By Mason W. Canales
Killeen Daily Herald
NOLANVILLE — City Council blew off steam concerning the mayor at a special meeting Monday.
Council members called the meeting after three of the five signed a letter of reprimand Thursday citing the mayor’s behavior on Aug. 5.
The mayor, James Cox, and the council are having problems right now, said Albert Simmons, the first city councilman to speak at the meeting.
The letter of reprimand stated Cox had a violent outburst prior to a special meeting Aug. 5, in which he insulted Mayor Pro-Tem Emma McCullough in front of other council members, city employees and residents.
“Your demeaning conduct directed at ... McCullough, where you publicly insulted her in front of her peers ... were totally uncalled for and constitutes a violation of her civil rights,” stated the letter of reprimand.
McCullough, Simmons and Donald “Skip” Matthews all signed the letter that stated further outbursts would not be tolerated.
During the Monday’s meeting, complaints about Cox came mostly from McCullough.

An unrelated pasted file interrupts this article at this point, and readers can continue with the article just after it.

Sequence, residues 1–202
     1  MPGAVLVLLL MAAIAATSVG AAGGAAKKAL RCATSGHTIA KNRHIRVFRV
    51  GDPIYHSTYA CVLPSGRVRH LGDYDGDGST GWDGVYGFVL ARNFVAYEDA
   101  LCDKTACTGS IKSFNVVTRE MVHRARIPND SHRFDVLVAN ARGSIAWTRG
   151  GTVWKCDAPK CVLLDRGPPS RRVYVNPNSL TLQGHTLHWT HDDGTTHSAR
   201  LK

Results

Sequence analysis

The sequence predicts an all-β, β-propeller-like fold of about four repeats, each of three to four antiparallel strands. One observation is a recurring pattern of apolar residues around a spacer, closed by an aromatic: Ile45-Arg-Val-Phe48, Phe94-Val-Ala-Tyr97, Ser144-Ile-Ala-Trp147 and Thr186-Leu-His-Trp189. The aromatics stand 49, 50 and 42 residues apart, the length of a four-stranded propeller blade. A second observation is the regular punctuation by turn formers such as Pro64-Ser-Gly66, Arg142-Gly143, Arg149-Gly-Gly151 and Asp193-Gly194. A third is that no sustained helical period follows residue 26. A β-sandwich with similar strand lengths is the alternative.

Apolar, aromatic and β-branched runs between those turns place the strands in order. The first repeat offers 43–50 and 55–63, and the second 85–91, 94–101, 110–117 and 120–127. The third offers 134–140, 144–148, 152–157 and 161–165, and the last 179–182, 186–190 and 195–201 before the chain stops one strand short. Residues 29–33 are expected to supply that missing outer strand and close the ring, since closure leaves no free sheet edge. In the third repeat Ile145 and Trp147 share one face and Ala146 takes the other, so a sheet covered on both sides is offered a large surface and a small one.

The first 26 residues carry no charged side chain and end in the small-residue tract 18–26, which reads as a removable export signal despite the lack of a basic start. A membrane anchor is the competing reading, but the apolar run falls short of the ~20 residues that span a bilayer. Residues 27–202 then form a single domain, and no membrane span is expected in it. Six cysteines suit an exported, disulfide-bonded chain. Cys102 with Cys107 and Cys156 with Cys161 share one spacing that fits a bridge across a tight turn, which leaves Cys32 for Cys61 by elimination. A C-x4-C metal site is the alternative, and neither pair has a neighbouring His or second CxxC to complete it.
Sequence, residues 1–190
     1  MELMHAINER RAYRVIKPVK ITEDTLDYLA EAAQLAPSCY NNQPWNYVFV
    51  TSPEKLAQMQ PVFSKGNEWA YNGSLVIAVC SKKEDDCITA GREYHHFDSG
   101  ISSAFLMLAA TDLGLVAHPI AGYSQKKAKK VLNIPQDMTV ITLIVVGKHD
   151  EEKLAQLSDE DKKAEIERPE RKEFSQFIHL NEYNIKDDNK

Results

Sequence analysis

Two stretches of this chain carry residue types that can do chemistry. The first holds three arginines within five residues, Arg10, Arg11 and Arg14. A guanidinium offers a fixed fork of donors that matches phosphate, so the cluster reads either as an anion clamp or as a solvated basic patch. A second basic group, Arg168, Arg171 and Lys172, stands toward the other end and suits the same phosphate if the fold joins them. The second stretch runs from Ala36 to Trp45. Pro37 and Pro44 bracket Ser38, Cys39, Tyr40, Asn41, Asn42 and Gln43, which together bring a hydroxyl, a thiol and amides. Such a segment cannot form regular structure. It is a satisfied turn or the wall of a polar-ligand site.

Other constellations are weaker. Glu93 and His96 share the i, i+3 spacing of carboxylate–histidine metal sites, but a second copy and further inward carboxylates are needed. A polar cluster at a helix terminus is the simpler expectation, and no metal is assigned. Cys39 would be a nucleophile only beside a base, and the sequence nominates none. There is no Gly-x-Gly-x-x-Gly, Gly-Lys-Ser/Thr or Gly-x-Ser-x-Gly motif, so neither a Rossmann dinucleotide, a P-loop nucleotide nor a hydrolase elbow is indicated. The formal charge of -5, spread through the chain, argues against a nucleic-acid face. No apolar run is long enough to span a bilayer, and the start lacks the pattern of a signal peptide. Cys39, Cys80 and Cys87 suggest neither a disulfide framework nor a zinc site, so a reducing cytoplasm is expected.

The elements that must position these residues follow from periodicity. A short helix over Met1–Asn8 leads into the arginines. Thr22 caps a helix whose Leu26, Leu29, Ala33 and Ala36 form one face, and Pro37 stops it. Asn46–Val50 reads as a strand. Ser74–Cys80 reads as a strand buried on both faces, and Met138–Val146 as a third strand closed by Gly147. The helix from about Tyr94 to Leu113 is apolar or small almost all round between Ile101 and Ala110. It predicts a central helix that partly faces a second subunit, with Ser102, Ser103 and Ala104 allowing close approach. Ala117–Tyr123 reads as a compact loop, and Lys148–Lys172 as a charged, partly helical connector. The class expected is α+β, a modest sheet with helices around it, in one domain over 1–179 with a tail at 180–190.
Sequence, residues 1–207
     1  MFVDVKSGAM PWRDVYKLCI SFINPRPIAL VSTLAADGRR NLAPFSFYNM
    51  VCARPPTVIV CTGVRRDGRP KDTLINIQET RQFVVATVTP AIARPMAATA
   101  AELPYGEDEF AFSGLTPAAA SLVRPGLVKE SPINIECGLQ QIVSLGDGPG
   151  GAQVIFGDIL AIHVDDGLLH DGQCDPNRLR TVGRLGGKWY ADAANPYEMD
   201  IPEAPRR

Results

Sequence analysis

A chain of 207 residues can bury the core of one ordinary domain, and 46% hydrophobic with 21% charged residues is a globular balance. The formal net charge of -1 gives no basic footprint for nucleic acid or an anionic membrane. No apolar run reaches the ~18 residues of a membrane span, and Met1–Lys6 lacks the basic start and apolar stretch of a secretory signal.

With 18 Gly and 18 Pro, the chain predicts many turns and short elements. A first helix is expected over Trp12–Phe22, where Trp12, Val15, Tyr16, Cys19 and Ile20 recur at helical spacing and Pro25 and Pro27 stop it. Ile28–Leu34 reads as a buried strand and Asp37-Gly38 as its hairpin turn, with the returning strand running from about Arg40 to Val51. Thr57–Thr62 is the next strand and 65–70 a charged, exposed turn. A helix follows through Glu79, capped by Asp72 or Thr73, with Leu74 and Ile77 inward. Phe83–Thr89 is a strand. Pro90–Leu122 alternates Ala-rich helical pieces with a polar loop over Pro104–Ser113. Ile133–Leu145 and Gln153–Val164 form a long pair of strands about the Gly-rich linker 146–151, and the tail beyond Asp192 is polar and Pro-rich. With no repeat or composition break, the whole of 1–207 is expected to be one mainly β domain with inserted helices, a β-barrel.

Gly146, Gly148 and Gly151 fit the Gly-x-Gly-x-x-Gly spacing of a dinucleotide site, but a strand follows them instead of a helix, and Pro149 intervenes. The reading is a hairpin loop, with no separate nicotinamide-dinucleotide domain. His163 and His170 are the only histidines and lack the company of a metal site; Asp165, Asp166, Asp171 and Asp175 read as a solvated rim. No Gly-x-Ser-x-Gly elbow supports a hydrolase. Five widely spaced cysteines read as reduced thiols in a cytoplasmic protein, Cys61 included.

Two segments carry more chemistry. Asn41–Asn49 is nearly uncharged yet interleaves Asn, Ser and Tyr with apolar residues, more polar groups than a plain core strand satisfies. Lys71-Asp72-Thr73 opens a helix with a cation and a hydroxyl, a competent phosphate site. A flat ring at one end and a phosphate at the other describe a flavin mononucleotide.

McCullough said that the Cox was working “backwards” on city issues by investigating details about who owns an old school building, annexation and issues concerning Babes, a local club for adults.
“There are too many projects that we need to do, like a sidewalk on 10th Street,” McCullough said.
Cox has spent time researching grants to help provide money for funding a sidewalk that will run from Avenue H to Farm-to-Market 439 on 10th Street, he said in response to McCullough.
Members of the city staff supported Cox, but said the working environment became tense about two weeks ago.
When Cox came into the office of mayor, the atmosphere in city hall changed to a more positive one and all the departments started to work together, but because of tension in the council, the environment has become horrible, said Felecia Duson, city secretary at the meeting.
Some city council members like Denise Hungerford and Matthews, discussed that the council and mayor should be a partnership.
“We should all be here working together to do what we can to help the city,” Matthews said.
The council should do more than say to fix the problem; they should actually fix, Duson said.
“We need to start doing the job we were elected for,” said Emma McCullough, mayor pro-tem. “And we need to know what is going on at city hall. ... Our communication with city hall has stopped.”
“You should be involved in principle above personality,” said John Roark city judge, who offered his speciality as mediator to discuss the personal issues members of the Nolanville City Council are having.
The council will meet at 7 p.m. today at the community center to discuss the operations and the structure of the Planning and Zoning Committee.
Contact Mason W. Canales at firstname.lastname@example.org or (254) 501-7554.